If there were an award for most wasted talent, this film would take it. If Charles Dickens were around he'd turn thumbs down for wretched writing in so poor an effort to construct a drama based on his classic work. In Dickens there are many unredeemable characters. In this movie, the bad guy is writer-director Douglas McGrath. There's little in his adaptation that is redeemable.
In 19th century England, the Nickleby family was doing quite well on their country estate, reveling in family love, until Nicholas' father ups and dies. Because of his investment speculation, the family is left penniless and without means of support. 19 year old Nicholas (Charlie Hunnam), blond, handsome, and dedicated to the honor and destiny of his family, leads his mother and sister through the streets of London to the office of his wealthy uncle Ralph (Christopher Plummer). He does so in hopes that Uncle will provide some sort of rescue plan. He has no idea of the treachery harbored within his very rich relative's breast.
Uncle Ralph promises employment positions but introduces his niece, Nicholas' sister Kate (Romola Garai), to his rich clients over a dinner where Sir Mulberry Hawk (Edward Fox), a character so exaggerated as to be cartoonish, attempts to seduce her. The thought is preposterous but that doesn't prevent this being presented here as a real threat. Uncle Ralph is in perfect accord with this outrageous behavior seeing it as a way to promote Hawk's continued investments in his firm and ensuring the income he derives from him.
Uncle Ralph places young Nicholas with vile Wackford Squeers (Jim Broadbent) and his viler wife (Juliet Stevenson) as a school master in their decrepit academy for an unhappy lot of boys whom they routinely abuse with cruel punishments. For some reason not evident in the movie, Nicholas adopts the crippled Smike (Jamie Bell) as a protector. Beyond the fact that he is a recipient of the Squeers wrath at times, Smike is not particularly likeable and doesn't earn enough sympathy to explain this attachment unless there is an unstated homosexual magnetism at work in this oddball relationship. Not worth mentioning except that it becomes a major story line and is a contributant to sinking this movie in a morass of inadequate, if not mystifying motivations.
We get back on track with Nicholas when he becomes heterosexually enamored of Madeline Bray (Anne Hathaway). At last we can understand his attraction and his motivations in winning her against the wishes of a father who is both dying and opportunistic. To do this he has to foil his Uncle who has deviously arranged for a lucrative and innapropriate betrothal contract for the lady. In this, as in all things, Nicholas is the picture of good, behaving according to the dictates of his good upbringing and honor.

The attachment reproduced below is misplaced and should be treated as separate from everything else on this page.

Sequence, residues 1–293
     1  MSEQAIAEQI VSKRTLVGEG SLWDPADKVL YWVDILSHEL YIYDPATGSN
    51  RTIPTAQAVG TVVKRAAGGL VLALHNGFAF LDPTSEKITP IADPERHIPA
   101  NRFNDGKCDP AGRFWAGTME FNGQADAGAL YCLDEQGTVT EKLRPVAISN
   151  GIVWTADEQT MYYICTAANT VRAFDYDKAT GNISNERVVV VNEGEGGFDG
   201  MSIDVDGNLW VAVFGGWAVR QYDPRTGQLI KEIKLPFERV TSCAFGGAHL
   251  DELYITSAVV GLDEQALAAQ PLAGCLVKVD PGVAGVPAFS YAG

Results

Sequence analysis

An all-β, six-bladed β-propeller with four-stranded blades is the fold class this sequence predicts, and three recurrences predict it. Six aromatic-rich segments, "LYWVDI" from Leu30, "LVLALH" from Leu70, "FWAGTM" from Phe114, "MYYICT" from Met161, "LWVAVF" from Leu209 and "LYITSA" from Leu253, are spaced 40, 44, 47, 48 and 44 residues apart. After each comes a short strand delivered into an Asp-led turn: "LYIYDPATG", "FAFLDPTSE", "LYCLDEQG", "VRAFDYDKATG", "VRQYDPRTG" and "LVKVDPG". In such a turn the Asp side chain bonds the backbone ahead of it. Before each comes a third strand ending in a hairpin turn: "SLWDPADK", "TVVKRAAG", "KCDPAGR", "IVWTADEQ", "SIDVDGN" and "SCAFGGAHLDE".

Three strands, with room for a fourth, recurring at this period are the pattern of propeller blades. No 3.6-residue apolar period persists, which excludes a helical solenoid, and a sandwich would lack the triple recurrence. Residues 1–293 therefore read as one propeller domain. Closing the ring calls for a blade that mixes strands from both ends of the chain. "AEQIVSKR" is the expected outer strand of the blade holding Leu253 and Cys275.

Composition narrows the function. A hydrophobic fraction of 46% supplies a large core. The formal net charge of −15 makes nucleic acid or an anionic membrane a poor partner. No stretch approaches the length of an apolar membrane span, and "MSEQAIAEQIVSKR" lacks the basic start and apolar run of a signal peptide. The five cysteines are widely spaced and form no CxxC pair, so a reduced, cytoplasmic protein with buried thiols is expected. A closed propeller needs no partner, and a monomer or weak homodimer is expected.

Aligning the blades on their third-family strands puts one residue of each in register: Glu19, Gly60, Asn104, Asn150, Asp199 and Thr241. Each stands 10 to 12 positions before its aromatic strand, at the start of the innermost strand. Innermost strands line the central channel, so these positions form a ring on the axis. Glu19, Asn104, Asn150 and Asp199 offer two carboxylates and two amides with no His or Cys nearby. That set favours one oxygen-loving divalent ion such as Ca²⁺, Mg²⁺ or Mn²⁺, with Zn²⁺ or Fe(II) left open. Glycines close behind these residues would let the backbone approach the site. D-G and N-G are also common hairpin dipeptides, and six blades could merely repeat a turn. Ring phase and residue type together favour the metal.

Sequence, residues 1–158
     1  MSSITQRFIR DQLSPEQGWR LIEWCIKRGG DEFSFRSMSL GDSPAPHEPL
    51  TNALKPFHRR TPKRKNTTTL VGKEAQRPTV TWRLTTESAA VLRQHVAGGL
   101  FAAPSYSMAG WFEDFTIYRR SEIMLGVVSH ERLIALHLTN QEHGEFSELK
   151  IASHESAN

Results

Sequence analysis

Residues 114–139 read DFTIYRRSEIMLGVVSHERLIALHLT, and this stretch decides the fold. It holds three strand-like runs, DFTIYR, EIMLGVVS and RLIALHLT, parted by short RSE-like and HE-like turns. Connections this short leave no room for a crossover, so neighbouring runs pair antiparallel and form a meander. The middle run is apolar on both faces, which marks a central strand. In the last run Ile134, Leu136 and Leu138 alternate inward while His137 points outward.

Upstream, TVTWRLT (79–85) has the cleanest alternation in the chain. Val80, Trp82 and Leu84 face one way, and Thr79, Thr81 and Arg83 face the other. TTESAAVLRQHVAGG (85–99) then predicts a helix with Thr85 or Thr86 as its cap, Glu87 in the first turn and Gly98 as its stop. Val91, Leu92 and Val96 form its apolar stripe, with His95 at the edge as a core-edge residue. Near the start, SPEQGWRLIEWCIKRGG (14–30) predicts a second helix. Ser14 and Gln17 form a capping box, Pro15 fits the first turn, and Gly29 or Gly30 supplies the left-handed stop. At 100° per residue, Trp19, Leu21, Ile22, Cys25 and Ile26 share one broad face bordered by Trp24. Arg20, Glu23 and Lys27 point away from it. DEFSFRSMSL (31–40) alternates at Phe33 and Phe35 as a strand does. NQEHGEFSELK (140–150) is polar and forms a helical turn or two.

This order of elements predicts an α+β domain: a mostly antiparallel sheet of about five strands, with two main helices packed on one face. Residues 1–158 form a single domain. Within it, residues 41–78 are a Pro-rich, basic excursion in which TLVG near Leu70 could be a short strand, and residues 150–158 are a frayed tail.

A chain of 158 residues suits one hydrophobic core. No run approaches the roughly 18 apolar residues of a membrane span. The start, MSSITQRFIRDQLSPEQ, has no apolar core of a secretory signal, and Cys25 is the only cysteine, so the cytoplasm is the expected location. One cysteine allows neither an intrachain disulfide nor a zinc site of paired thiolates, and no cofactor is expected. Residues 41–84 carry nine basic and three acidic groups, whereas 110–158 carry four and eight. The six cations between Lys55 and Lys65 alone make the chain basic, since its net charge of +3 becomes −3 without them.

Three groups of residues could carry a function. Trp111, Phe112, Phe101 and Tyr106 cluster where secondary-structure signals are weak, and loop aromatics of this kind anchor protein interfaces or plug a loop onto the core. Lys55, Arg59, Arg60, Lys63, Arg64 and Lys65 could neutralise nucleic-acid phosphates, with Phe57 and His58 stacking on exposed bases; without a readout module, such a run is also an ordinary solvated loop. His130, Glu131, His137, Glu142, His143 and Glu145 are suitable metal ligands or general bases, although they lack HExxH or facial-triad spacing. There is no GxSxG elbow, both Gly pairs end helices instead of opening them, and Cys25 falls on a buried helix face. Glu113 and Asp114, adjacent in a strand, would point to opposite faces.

Charlie Hunnam is a Heath Ledger look-alike, which is not all bad. His beguiling male beauty and over-trusting charm affords the picture what claim it may have on attracting an audience of non-Dickensians. The rest of the cast is earnestly dedicated to their roles as drawn and overdrawn. You can't fault them for overstatement and one-dimensional weakness in the script.
It's entirely probable that those who love Dickens and who are familiar with his novel will be able to fill in the gaps in character and motivation that are missing here. It's also true that Dicken's exaggerations of character work well in the context of his novels and in his time. But this is a feature that doesn't transfer well to a modern rendering of the subject matter, however classic. In pure movie terms, which is the only way in which a 2002 movie can or should be considered, this one fails on many counts, deriving mostly from a script that relies too heavily on the stereotype and a director who lacked the taste and vision to present it in a less simplistic package.